Using Artificial Intelligence to Prevent Lone Wolf Attacks

July 13, 2022

Violence against civilians is always disturbing and disruptive. This is what gives terrorism its power over a population, as unpredictable aggression threatens a society’s fundamental sense of calm and normalcy. For much of the 21st Century, the public fear focused on organized terrorism, planned attacks by centralized groups with top-down recruitment and operations. Global agencies developed strategies for countering these organizations, and they were often effective.

However, as social media and other technologies expanded, terrorist groups became more diffuse, and individuals around the world became radicalized. Groups like ISIL, and many smaller political organizations, loosened their control to encourage anyone who aligned with their ideologies to commit violence in their name. Since then, there has been a pattern of growing autonomy among these criminals, and fewer ties to specific radical groups. The Lone Wolf phenomenon brings several complications for law enforcement and the intelligence community, including:

  • No direct command structure, so their communications are not as easily linked to known radical groups
  • Their ideologies and long-term goals are often undocumented
  • No reliance on organizations to supply weapons / equipment / documentation
  • Advantages as “home-grown” natives who do not require documentation to access their targets
  • No need to bring weapons or other contraband over borders
  • Blending into the targeted populations
  • Intimate knowledge of the areas, targets, schedules, customs, and traditions of the populations they are targeting

The Growing Threat of Lone Wolf Attacks

Lone Wolf attacks continue to escalate around the world. In fact, there have already been over 300 mass shootings in the United States so far in 2022. The precise patterns of motivations can be difficult to pin down, as the assailants may or not have ties to a particular organization or cause. In many cases, investigators find that mental health issues were a driving factor. For instance, the attacker who struck in Norway in late June, 2022, appears to have been ideologically motivated, although it is likely that his mental health issues played a part in his motives. Denmark recently had its first terror attack since 2015 at a mall in Copenhagen, resulting in three deaths and four injuries as the shooter targeted people randomly.

Lone Wolf Attacks are Not Entirely Unpredictable

While Lone Wolf attacks are usually more difficult to forecast than large-scale plots by centralized terror networks, they are not impossible to detect before they happen. In fact, a major reason for the failure of agencies to prevent such tragedies comes down to the lack of applied Artificial Intelligence (AI) analysis. In many cases, the information that is needed to stop an impending attack is available through Open-Source Intelligence (OSINT).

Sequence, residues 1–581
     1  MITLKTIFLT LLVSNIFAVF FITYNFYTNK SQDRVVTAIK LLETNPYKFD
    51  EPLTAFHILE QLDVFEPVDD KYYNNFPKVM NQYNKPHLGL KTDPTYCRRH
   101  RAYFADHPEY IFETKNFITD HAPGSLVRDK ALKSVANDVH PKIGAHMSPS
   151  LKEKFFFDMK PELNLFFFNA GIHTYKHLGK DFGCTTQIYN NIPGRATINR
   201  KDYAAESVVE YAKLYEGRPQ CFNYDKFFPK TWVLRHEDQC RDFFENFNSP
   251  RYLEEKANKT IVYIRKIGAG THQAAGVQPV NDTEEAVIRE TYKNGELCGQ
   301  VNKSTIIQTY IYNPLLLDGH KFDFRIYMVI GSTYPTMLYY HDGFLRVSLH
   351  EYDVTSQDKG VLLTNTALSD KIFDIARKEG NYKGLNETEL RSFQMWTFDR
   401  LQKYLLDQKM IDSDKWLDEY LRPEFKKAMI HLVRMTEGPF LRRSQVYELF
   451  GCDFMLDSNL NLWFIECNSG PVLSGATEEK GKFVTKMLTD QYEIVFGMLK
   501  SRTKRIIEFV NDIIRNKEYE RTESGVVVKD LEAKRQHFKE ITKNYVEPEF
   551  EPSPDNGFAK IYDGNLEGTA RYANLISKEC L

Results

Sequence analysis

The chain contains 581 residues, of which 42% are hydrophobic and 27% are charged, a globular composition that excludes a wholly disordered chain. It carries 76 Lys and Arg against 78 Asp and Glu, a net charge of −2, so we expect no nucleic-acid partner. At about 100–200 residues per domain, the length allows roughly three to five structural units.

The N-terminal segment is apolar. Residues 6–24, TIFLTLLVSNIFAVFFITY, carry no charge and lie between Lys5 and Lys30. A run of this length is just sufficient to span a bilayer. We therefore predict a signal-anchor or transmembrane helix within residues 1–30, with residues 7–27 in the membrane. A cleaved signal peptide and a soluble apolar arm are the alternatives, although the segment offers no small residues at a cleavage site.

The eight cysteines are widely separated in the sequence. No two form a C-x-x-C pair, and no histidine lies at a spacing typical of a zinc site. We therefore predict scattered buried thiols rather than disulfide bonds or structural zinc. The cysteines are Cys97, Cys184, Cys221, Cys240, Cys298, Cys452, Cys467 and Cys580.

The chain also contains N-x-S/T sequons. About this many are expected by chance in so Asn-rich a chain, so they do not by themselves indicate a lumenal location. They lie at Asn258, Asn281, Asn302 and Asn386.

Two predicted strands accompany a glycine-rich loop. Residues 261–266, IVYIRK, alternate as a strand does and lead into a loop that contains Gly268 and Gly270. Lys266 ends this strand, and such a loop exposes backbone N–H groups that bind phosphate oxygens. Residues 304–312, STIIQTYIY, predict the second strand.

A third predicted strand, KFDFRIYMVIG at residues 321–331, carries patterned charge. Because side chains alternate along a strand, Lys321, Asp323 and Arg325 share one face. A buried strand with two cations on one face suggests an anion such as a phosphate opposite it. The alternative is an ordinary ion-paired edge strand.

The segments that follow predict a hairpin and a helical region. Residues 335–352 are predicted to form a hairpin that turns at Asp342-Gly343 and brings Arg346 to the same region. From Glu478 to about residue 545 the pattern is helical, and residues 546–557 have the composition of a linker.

Social Media Analysis

The recent mass shooting in Chicago at a 4th of July celebration provides a sobering reminder that such attacks rarely happen without any warning at all. Robert Crimo had a history of mental illness and a robust social media life that included frequent posts of violent statements and images. AI technology is capable of data mining OSINT information through virtually every available platform in the Worldwide Web, Deep Web, and Dark Web. It can do this in up to 100 different languages, with both linguistic analysis and image analysis.

Linguistic analysis can be programmed to identify complex factors of vocabulary and phrases (including slang and codes) to indicate illegal activities, as well as hate speech, threats of violence, and quotes or references to materials from known extremist groups. In many cases, these individuals are in direct communication with radical factions. Laws regarding this type of expression vary by country, but awareness of such patterns can identify persons of interest.

Imagery analysis, especially when combined with linguistic analysis, is a powerful tool in forecasting violent behavior. This type of AI identifies, matches, and analyzes thousands of images, and can be programmed to find depictions of weapons, explosives, vehicles, locations, documents, and other significant items. When matched to individuals through facial recognition, such technology can raise flags to alert the analysts to the type and source of potential illegal activities and intentions. These systems can be automated to mine and analyze data around the clock, alerting investigators to potential suspects.

In addition to OSINT sources, investigators may have endless options for accessing potentially classified or confidential sources with AI technologies. Some AI systems can coordinate Open-Source data with information from law enforcement databases, mental health agencies, and other records that can establish patterns of violence and mental instability. They may also access records of weapon and equipment purchases, travel, and related activities, all of which can be used to identify those who would bring terror and death to civil society.

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